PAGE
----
How to express evolution in English Pokémon names

Shigeto Kawahara, Jeff Moore

研究成果: Article査読

4 被引用数 (Scopus)

抄録

This article contributes to the studies of sound symbolism, systematic relationships between sounds and meanings. Specifically, we build on a series of studies conducted within a research paradigm called "Pokémonastics,"which uses the Pokémon universe to explore sound symbolic patterns. Inspired by a study of existing English Pokémon names, two experiments were conducted in which English speakers were provided with pairs of pre-evolution and post-evolution Pokémon characters, the latter of which were larger. The participants were given two name choices whose members were systematically different in some phonological properties. The results show the following sound symbolic patterns to be productive: (1) names with higher segment counts are more likely to be associated with post-evolution characters than names with lower segment counts, (2) names containing [a] are more likely to be associated with post-evolution characters than names containing [i], (3) names containing [u] are more likely to be associated with post-evolution characters than names containing [i], and (4) names containing coronal consonants are more likely to be associated with post-evolution characters than names containing labial consonants. Overall, the current results suggest that phonological considerations come into play when English speakers name new fictional creatures. Implications of the current results for the theories of sound symbolism are discussed throughout the paper.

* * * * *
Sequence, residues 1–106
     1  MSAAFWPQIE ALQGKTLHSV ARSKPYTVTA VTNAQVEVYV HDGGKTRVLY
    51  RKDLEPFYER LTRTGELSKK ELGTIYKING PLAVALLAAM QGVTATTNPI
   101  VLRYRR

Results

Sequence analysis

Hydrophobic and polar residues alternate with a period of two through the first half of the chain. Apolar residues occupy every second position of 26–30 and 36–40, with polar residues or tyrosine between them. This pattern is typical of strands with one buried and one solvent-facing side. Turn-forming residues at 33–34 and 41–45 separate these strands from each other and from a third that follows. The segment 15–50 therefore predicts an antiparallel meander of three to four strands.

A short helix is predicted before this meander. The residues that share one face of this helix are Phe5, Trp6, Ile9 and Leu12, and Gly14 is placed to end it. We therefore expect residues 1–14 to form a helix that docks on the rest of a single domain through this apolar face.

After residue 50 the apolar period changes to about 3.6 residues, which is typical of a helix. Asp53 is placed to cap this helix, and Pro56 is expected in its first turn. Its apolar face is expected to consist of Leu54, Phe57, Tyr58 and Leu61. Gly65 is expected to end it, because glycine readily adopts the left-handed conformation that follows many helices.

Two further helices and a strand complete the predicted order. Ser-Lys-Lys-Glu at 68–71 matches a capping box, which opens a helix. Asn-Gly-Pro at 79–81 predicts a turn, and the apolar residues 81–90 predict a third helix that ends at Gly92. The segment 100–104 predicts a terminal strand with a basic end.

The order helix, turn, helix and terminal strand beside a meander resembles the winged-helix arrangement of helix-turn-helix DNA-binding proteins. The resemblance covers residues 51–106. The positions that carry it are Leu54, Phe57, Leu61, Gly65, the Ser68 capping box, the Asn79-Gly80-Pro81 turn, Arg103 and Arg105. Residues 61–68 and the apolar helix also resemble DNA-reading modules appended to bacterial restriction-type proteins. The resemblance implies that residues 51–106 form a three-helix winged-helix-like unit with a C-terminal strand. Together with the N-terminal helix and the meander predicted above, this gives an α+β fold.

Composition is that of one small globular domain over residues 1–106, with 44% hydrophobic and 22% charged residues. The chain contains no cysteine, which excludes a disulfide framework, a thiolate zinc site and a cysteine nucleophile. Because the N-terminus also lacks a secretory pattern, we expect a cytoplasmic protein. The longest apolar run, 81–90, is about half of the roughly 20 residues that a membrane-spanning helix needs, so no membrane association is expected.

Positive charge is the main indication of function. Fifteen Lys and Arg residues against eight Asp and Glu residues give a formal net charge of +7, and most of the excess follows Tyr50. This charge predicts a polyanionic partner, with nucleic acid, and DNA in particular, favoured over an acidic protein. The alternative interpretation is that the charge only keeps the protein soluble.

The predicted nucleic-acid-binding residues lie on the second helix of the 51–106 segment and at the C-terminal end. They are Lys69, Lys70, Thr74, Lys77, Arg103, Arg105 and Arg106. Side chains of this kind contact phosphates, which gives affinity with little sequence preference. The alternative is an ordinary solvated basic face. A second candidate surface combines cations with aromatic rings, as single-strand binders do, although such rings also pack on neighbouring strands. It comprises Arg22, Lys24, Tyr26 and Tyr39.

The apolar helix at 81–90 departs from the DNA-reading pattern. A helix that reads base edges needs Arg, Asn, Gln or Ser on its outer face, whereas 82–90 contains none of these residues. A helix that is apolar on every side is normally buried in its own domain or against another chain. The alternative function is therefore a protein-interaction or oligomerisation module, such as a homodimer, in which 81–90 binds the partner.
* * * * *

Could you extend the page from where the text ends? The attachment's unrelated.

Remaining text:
本文言語English
ページ(範囲)577-607
ページ数31
ジャーナルLinguistics
59
3
DOI
出版ステータスPublished - 2021 5 1

ASJC Scopus subject areas

  • 言語および言語学
  • 言語学および言語

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